In April, we did a great deal of policy work for owners and managers. This work covered the new state sanitary code, new court standing orders, eviction data, rent control, deleading credits and rental assistance reform. Plus, we continue to carry out our core operations.
I hope you know that the state sanitary code has now changed in significant ways. We have covered this by video, in-person event, and article. We did contact the Department of Public Health for the new tenants’ rights sheet, which is not mentioned anywhere in our articles yet. At time of writing, the sheet still had not yet been published.
The housing court announced new standing orders to take effect this summer. These create a double-service process aimed at reducing defaults. Constables, sheriffs and DIY landlords have to take care now to serve not just the summons but also the notice of the Tier 1 event. At our event with the court on April 13, they discussed how we don’t know which policy response will be effective at reducing defaults. That’s why these standing orders are “interim.” But we will try and see. This new process will be covered in an article to come and at two more events to be announced.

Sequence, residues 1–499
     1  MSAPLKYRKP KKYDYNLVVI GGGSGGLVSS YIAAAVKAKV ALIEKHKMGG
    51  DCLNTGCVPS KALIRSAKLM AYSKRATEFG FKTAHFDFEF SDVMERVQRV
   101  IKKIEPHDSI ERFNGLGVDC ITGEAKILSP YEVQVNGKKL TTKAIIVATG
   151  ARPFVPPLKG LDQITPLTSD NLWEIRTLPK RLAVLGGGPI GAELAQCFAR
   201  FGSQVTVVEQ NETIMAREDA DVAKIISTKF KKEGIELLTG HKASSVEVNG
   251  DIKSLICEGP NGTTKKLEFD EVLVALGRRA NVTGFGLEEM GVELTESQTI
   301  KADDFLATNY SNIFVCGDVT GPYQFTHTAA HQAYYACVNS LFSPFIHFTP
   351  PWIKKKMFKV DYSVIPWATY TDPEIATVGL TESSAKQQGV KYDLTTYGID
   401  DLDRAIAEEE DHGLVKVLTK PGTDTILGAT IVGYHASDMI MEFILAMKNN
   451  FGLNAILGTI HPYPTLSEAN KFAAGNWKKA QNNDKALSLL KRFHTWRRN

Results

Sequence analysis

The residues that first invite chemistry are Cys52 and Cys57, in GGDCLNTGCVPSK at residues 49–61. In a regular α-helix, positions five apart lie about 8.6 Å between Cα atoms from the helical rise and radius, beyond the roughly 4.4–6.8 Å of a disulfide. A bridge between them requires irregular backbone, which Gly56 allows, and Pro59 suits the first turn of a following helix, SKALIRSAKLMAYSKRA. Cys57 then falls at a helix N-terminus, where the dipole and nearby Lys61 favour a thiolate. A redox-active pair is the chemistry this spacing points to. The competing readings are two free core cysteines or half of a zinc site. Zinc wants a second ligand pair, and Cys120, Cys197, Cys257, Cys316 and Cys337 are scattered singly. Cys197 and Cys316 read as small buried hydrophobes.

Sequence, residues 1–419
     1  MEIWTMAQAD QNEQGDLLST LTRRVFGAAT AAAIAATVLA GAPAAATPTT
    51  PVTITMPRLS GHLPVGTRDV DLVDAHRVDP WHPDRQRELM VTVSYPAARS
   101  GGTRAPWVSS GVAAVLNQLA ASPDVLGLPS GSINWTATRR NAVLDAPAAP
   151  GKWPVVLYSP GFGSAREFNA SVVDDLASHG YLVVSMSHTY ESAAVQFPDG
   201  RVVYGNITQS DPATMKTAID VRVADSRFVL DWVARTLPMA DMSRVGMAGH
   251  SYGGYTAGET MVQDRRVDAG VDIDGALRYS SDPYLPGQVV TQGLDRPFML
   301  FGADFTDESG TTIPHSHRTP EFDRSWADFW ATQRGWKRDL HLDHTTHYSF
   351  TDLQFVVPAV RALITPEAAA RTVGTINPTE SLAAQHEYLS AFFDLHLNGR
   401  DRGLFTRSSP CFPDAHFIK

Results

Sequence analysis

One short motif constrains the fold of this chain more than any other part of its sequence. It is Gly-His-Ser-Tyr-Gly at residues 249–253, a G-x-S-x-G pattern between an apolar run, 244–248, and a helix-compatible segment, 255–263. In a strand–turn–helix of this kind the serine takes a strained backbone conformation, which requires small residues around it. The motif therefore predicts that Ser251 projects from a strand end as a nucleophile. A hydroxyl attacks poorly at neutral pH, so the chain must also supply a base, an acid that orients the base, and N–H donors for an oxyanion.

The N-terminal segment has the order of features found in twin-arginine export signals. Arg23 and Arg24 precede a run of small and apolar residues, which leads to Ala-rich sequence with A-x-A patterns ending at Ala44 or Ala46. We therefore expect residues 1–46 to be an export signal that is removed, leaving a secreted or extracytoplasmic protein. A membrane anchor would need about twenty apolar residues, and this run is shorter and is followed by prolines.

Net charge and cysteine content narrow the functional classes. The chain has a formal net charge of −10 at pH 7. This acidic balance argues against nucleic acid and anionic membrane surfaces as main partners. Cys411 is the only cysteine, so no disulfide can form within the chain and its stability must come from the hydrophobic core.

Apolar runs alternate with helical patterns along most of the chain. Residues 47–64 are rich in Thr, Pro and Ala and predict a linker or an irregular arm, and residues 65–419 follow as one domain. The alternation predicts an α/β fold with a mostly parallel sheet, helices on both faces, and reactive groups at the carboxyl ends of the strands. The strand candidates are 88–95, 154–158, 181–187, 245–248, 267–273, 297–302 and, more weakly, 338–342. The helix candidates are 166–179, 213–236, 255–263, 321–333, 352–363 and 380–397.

Stakeholders in the real estate community met by MassLandlords invitation to discuss opposition to rent control. We’ve covered rent control extensively recently and will again soon.
Our eviction data researcher at Brown University, Arjun Shanmugam, presented at the National Fair Housing and Civil Rights conference. He has made novel application of the medical field’s “treatment effects analysis,” and now has a framework in which to ask all kinds of questions about evictions.
Governor Healey’s budget proposes doubling the deleading credit. Our bill asks for a tenfold increase to keep pace with inflation. It’s good that now everyone recognizes the need for an increase.
Last but not least, there is widespread agreement that rental assistance needs to be reformed. The Metropolitan Area Planning Council has been kind to include our feedback on rental assistance in a report recommending changes. We have also signed onto a rental assistance reform bill advocated for by the Massachusetts Coalition for the Homeless. Housing scarcity and instability are problems for renters and landlords alike, and increasingly, we get to contribute to proposed solutions.
Operationally, we continue to lay software groundwork in a demanding technical environment. We have newly expanded scripts for site testing, event listings and more. I will call attention to one setback beyond our control. Clickmeter, the service we paid to track ad clicks and engagement with third-party resources like mass.gov, was acquired by Rebrandly. This transition was botched and approximately 2,000 outbound links across 500 pages rotted overnight. Advertisers will be without analytics until we have a replacement service in place. Also, at time of writing, one-third of our outbound links were still dead. Please bear with us as we abandon these failed vendors.
MassLandlords’ work benefits owners, managers and service providers of rental housing across the industry. And there is so much work to do! Please join as a member, become a property rights supporter or increase your level of support.